Freedom of the press in the time of the coronavirus
Independent journalism: how the coronavirus crisis affects press freedom, and how Germany is supporting freedom of the press.
Since the beginning of the coronavirus pandemic, the work of journalists has changed worldwide: working at home and restrictions on outdoor activities make everyday life more difficult; contact with business partners and colleagues are usually possible only by phone or video call.
In many countries, the crisis also affects press freedom. As Reporters without Borders warns, some governments are withholding information about the extent of the pandemic. They try to manipulate the reporting or spread fake news themselves. According to the non-governmental organization, journalists have been hindered in their work, attacked, interrogated and even arrested.
People should to be able to get information from a variety of sources.
"In view of the dramatic developments worldwide, people should be able to obtain information from a variety of sources and critically question the actions of the authorities", says Christian Mihr, Managing Director of Reporter without Borders. In a recently published ranking of press freedom in 2020, Germany occupied eleventh place. The survey found the best conditions for a free press in Norway, Finland and Denmark.
In Germany, freedom of the press is enshrined in the Basic Law and the Federal Republic also supports freedom of the press worldwide. Germany is a member of the Media Freedom Coalition, which on 7 April 2020 called on all states to continue to protect access to free media and to support the free exchange of information. "We are concerned about the efforts of some countries to use this crisis to impose inappropriate restrictions on free and independent media”, the appeal said. In addition to Germany, Canada, Latvia, the Netherlands, Great Britain and the USA signed the declaration.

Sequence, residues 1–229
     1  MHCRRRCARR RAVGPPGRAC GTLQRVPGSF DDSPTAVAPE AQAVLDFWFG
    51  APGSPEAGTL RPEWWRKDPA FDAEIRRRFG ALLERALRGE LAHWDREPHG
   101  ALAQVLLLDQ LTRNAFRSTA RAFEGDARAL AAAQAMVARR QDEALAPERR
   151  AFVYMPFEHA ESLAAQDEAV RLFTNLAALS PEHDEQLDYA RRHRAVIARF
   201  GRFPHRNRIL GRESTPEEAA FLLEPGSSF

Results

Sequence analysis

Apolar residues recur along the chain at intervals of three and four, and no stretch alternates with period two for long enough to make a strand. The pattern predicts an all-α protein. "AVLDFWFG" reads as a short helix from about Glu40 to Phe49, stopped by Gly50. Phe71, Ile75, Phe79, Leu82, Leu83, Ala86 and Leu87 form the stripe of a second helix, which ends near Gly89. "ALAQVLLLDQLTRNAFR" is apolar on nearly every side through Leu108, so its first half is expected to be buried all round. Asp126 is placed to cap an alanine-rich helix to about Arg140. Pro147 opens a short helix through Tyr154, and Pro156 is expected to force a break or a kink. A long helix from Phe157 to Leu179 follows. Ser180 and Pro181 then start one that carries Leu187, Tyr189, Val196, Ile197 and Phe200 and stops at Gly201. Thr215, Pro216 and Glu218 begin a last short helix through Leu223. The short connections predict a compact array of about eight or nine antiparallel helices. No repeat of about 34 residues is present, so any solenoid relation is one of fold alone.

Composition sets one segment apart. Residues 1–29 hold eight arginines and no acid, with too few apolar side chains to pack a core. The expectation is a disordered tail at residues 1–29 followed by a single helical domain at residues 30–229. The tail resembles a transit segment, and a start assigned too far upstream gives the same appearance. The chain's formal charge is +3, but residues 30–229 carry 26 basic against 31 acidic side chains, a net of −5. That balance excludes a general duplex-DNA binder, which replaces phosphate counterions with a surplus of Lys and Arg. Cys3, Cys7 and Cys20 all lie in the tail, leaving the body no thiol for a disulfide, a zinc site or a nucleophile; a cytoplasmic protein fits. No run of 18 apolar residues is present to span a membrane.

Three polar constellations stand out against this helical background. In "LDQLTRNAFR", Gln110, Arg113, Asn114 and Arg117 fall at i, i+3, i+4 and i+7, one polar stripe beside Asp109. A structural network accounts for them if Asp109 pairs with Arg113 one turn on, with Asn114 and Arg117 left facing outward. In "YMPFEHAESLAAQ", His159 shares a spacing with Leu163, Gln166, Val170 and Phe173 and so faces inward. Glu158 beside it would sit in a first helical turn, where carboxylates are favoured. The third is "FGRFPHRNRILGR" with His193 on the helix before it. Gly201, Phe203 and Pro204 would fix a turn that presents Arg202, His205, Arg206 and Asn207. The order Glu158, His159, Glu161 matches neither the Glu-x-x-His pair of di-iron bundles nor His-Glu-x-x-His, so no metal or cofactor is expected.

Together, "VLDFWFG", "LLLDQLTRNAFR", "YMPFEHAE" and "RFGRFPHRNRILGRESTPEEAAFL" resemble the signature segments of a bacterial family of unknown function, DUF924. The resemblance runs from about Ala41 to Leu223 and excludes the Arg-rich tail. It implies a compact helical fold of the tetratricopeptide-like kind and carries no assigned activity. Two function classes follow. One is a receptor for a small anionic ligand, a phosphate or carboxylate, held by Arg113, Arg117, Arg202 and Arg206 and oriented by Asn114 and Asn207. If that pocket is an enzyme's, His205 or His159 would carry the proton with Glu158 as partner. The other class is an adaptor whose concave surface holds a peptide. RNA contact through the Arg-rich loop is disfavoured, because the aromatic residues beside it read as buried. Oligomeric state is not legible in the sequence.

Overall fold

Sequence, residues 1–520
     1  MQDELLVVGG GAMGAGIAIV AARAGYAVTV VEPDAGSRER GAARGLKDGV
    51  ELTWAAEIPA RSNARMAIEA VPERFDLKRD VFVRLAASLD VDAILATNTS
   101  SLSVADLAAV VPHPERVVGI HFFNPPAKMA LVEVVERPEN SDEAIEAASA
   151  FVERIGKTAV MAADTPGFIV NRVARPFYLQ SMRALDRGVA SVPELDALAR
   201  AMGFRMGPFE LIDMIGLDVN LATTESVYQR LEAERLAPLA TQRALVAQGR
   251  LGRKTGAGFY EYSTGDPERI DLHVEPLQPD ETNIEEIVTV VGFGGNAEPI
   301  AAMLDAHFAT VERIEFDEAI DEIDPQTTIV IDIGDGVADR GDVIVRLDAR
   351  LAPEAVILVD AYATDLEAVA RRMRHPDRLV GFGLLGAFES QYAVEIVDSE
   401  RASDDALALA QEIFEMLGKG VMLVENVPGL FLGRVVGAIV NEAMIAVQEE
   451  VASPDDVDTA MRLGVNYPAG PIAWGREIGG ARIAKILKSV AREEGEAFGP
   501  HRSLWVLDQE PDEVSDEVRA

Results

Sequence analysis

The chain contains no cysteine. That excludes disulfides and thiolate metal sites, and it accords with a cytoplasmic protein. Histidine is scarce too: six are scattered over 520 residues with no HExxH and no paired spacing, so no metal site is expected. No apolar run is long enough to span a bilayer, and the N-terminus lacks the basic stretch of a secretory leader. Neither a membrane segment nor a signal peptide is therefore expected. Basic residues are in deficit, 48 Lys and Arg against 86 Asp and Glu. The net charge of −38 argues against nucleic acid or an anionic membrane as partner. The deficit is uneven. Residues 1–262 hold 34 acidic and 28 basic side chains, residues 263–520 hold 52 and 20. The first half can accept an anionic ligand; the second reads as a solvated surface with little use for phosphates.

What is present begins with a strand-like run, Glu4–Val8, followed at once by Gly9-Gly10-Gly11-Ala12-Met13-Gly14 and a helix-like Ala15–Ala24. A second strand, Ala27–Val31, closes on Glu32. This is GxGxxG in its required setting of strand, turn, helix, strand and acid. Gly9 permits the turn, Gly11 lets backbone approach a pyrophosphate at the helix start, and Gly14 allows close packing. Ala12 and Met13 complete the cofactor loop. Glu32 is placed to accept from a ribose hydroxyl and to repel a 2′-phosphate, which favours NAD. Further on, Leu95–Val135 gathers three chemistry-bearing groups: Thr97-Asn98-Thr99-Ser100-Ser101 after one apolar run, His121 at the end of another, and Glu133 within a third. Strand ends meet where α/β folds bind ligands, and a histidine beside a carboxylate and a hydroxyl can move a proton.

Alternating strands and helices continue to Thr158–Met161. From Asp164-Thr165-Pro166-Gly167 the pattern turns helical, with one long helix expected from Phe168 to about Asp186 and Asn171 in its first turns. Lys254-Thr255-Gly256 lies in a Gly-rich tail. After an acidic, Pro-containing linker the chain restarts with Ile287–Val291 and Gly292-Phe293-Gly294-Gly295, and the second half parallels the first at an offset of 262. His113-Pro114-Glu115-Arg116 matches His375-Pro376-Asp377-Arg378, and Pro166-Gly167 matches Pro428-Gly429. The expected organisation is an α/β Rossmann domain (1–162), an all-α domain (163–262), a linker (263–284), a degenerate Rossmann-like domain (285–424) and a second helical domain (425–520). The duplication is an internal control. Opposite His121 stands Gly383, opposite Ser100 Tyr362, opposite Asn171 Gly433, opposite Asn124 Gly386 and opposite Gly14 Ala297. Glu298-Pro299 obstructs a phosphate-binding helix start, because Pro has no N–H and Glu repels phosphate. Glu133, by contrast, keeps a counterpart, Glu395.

Record numbers for public service broadcasting
Since the beginning of the coronavirus pandemic, many German media companies have geared their offerings to people's interest in reports on the spread of the viral disease. Many have also made the changed working conditions of journalists from home or in smaller teams transparent and thus gained credibility. The Cosmo study conducted by the University of Erfurt shows that especially in times of crisis people in Germany like to use traditionally credible media sources such as daily newspapers and public service broadcasting. Public broadcasting in particular has had record access figures since the pandemic broke out.
High numbers of people are likewise frequenting websites of the health authorities, as also relatively new forms of media such as the podcast of the North German Radio with the virologist Christian Droste. Those surveyed trusted least social networks and online news sites.
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